DIRTY PRETTY THINGS
Review by Ed Nguyen
Chiwetel Ejiofor, Audrey Tautou, Sergi Lopez, Benedict Wong
Director: Stephen Frears
Audio: English 5.1, French 5.1
Video: Color, anamorphic widescreen 1.85:1
Features: Director commentary, behind-the-scenes featurette, trailers
Length: 97 minutes
Release Date: March 23, 2004
I'm an evil man, right? But I'm
trying to save her life."
day in our bustling cities, we walk by them, the unobserved denizens of the
streets and side shops. We work in
our comfortable offices, we dine out at restaurants, and we stay overnight in
fancy hotels. Yet all about us, the
tireless and invisible servants of our city are ever-present - the waitresses,
the janitors, the cooks, the maids. Middle-classed
citizens may choose not to notice the migrant workers and minimal wage earners
who often define this necessary niche, but such people fulfill an essential role
in the daily function of our society. As
they depend on us, so do we depend on them in a commensal relationship that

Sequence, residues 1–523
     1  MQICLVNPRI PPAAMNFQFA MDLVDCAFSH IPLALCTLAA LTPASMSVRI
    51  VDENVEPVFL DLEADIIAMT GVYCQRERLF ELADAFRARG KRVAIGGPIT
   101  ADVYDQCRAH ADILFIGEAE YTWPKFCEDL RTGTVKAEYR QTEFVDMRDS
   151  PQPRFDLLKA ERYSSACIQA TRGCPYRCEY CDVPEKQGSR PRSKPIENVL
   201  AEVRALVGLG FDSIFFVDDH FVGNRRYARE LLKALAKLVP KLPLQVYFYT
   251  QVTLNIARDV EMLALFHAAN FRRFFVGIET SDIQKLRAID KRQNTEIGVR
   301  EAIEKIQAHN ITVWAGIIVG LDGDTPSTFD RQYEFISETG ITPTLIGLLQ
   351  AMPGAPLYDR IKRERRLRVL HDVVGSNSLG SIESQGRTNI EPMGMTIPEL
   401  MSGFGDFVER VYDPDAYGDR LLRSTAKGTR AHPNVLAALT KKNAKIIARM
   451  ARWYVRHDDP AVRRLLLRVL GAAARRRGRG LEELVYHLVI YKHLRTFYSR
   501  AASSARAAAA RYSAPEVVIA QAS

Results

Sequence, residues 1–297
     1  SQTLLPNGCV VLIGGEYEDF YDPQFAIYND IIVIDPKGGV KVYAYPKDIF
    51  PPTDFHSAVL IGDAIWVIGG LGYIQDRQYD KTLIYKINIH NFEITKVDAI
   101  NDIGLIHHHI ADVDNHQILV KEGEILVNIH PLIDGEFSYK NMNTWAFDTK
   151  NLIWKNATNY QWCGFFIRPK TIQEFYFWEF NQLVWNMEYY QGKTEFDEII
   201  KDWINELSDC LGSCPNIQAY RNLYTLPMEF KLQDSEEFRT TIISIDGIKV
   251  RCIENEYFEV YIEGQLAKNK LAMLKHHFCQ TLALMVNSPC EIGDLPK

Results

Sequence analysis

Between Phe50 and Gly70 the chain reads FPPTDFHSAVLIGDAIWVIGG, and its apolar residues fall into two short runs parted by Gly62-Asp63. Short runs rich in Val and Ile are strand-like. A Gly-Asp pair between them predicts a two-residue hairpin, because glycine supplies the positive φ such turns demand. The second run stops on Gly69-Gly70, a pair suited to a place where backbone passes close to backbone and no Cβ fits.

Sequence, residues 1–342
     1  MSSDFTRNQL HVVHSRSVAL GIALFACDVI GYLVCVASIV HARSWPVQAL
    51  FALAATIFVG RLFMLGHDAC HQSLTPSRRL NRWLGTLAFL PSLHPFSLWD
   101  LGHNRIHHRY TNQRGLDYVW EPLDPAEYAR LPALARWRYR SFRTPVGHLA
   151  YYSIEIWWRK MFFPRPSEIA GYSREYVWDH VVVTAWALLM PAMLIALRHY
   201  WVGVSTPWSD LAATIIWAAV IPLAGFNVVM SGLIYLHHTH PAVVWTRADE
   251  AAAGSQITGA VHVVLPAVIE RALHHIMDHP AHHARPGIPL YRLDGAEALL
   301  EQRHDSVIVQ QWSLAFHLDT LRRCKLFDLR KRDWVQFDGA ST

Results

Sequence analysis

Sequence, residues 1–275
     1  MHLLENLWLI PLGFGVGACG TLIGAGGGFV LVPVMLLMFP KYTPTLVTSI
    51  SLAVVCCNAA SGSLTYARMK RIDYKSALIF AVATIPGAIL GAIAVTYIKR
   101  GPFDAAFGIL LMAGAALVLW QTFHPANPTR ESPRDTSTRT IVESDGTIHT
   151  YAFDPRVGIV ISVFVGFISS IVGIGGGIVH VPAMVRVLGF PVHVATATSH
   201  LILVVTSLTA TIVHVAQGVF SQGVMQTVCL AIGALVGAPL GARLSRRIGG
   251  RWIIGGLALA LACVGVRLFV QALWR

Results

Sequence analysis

defines city-life existence.
is a film the explores the world of these people.
More specifically, it deals with the underworld of refugees and illegal
immigrants. They are the characters
who choose the low, menial jobs which others would normally eschew.
They are, as one of the film's characters states it, "the people you
never see. We're the ones who drive
your cabs, we clean your rooms."
focal character of Dirty Pretty Things
is Okwe (Chiwetel Ejiofor), an illegal immigrant from Nigeria.
Once a respected doctor in his native homeland, he now resigns himself to
a poor existence in London as a cab driver and a night-time hotel receptionist.
He is barely sustaining himself on his meager wages and his persistent lack of
proper sleep. Even so, Okwe maintains his compassion and his pride.
He is optimistic, as are so many such exiles, that someday he will
reunite with his remaining family. Until
then, Okwe is just another invisible servant in London, tending to the needs to
those who would forget his existence once he is beyond their sight.
shares an apartment with Senay (Audrey Tautou), herself a refugee from Turkey.
Their world now is a dark and urban one in which sweat shops,
exploitation, and even prostitution are the norm.
They cannot hope for meaningful police or government assistance;
their only real support rests in one another.
Senay's asylum status forbids her to seek work in England, yet she does